A closely-related second branch of OA evolution centers around publishing practices. Research and the dissemination of research findings have always been closely tied.[2] Widespread use of the printing press started around the late 1500s and was a transformative event in human history that fundamentally changed our expectations for how knowledge could and should be shared (see Johns 1998), particularly for the practice of systematized research, which was just beginning to take root. By the mid-1800s, publications established explicitly to share ideas and discoveries were proliferating—over 1300 journals now existed. It was crucial for scientists to be aware of what knowledge already existed in their field, but even then, doing so was becoming increasingly difficult. This need for more openness and increased awareness gradually led to standards and systems for what constituted clear and rapid sharing of knowledge, claims to discovery, proper citation methods and more (Csiszar 2018). These standards and systems have continued to evolve today in response to the ever increasing growth of research, in response to the ever changing needs of researchers, libraries, funders and governments, and in response to the huge market opportunities available for creating the best new systems.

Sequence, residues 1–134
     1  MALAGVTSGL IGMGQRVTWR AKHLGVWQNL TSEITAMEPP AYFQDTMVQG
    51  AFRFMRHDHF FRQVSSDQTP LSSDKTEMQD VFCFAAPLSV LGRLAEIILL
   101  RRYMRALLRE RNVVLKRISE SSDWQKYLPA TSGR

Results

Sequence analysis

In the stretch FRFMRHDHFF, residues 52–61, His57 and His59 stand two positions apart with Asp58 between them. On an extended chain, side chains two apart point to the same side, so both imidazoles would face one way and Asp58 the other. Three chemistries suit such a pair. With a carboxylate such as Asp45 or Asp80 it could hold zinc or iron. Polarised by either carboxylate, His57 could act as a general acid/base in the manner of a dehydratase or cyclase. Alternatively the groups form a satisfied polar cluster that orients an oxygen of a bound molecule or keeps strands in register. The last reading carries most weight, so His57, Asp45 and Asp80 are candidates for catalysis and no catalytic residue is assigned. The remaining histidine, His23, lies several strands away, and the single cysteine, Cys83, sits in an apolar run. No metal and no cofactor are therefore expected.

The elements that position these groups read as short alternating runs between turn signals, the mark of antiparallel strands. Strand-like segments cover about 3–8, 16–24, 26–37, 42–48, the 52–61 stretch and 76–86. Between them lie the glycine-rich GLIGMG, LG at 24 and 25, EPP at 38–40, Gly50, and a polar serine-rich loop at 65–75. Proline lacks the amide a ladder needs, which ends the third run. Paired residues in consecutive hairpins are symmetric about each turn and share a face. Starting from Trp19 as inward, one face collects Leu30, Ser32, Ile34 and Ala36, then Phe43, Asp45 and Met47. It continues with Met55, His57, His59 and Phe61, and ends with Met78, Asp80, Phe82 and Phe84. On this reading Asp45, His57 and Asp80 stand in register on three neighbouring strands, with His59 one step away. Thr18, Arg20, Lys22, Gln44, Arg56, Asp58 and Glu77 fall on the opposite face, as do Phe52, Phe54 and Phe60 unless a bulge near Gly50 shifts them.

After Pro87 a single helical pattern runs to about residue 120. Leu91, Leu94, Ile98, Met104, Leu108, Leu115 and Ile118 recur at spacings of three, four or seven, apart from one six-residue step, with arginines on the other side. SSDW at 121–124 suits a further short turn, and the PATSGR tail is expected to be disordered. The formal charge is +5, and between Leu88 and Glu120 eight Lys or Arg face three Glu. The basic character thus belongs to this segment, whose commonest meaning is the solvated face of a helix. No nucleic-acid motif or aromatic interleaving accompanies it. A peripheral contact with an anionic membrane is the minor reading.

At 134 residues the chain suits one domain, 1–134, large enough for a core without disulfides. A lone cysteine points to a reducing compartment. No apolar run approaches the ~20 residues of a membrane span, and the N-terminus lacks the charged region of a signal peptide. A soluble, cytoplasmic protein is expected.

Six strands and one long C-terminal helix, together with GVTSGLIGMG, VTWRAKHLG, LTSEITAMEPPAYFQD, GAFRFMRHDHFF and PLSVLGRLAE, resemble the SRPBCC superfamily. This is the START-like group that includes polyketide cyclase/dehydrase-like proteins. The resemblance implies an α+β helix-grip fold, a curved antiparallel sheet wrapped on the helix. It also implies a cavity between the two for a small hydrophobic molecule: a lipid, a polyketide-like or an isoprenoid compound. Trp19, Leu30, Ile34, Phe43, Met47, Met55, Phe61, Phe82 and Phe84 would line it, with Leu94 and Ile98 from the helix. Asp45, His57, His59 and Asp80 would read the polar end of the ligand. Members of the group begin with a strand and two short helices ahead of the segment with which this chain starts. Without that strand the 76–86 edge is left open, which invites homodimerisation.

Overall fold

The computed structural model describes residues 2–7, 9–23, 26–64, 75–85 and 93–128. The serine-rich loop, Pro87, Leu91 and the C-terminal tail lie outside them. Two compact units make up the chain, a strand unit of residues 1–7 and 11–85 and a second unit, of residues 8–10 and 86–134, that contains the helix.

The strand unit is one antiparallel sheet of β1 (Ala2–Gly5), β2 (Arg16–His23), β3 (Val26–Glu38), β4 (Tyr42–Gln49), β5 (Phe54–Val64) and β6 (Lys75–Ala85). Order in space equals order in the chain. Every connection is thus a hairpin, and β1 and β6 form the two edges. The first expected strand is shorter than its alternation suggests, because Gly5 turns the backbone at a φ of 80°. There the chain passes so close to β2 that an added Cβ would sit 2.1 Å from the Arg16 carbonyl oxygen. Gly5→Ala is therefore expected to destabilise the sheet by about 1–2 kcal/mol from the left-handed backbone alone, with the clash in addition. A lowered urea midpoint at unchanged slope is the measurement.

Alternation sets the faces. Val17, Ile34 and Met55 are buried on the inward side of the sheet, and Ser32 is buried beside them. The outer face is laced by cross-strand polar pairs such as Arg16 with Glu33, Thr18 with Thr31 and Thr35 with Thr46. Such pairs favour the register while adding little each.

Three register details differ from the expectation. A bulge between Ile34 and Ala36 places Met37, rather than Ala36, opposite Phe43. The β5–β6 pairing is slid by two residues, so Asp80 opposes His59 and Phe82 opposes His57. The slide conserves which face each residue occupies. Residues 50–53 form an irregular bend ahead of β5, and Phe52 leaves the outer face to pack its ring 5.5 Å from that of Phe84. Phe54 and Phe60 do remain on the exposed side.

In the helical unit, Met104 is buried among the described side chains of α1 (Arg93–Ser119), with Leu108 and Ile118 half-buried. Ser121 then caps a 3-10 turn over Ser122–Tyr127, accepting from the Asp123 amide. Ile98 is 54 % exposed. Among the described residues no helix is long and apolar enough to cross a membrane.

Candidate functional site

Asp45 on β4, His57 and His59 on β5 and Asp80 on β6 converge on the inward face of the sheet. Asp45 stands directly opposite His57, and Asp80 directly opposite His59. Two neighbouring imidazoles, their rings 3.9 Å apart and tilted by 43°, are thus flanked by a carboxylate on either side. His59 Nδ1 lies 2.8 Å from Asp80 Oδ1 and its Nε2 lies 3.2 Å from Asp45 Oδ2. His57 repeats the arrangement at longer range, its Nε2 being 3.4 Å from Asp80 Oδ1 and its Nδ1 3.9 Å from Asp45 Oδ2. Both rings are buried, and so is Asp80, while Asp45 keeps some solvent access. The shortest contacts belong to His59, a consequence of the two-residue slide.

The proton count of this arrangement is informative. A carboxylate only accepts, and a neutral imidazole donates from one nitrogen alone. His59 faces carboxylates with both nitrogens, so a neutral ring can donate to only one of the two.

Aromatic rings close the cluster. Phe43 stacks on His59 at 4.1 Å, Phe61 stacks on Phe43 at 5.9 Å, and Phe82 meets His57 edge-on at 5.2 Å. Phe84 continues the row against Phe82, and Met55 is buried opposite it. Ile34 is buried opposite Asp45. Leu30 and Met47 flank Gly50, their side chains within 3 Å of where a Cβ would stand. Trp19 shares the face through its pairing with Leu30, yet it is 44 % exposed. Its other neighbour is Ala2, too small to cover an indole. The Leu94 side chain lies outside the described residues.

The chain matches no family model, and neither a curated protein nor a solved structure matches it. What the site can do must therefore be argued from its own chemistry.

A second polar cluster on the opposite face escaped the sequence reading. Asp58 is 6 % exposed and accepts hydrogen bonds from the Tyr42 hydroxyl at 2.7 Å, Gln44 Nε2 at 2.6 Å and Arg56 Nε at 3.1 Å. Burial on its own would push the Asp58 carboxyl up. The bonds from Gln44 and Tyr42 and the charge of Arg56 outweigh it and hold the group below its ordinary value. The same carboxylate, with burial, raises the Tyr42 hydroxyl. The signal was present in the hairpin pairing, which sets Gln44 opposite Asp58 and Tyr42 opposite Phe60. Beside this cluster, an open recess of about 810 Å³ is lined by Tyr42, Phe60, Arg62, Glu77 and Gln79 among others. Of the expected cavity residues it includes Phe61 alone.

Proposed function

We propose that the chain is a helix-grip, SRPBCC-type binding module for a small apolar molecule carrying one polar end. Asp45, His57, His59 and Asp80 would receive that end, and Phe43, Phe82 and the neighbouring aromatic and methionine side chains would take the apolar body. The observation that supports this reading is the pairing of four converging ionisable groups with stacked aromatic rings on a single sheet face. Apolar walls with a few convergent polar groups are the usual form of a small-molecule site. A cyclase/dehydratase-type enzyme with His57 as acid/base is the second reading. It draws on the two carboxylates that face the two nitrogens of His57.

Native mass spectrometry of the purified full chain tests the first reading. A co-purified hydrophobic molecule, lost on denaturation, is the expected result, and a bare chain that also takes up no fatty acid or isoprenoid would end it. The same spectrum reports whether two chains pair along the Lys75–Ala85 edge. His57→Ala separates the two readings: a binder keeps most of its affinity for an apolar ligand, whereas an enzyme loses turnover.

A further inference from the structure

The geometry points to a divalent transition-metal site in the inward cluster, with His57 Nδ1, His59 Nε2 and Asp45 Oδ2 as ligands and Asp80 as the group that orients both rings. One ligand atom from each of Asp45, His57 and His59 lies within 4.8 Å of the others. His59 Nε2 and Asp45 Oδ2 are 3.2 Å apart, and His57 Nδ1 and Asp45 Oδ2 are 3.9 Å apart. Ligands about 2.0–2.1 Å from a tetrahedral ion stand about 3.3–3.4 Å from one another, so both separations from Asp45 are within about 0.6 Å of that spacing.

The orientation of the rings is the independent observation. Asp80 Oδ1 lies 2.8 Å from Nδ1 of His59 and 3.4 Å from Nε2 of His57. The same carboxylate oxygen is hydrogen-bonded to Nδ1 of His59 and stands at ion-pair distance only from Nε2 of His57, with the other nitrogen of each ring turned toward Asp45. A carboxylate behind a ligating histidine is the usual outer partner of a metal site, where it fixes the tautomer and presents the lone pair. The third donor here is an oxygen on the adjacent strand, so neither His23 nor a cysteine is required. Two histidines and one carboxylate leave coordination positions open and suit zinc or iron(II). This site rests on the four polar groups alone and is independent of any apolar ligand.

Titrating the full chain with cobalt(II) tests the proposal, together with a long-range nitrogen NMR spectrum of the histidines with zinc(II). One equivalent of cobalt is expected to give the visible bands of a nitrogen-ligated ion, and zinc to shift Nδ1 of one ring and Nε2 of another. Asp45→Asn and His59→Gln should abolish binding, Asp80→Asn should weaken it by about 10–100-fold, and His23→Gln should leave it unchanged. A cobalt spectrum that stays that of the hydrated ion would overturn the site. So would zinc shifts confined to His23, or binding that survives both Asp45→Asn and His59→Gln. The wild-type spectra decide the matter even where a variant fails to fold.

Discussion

A philosophical offshoot of this second branch, technically distinct enough to be considered a third branch, is the growth of computer technology and the Internet starting around the mid-1980s. Once again, as with the advent of printing, these developments fundamentally changed our expectations about access to information, and paved the way for more open developments in research and society, such as the launch of GenBank in 1992 by the US Los Alamos National Laboratory, the world’s first public access repository of nucleotide sequences; creation of the world’s first preprint server, arXiv, in 1991 (originally for physics and astronomy research); publishing of the world’s first OA journals (through SciELO in 1997); formation of the Open Source Initiative in 1998 to help govern computer code; the world’s first OA megajournal (PLOS in 2000); and development of the first open educational resources (by the Hewlett Foundation in 2001). Today, it’s impossible to underestimate the influence that technology and the Internet have had on all things communication, from rapid download speeds to social media to the proliferation of publishing platforms. These developments continue to raise our expectations and increase the potential for what communication can become, not just in research but across society.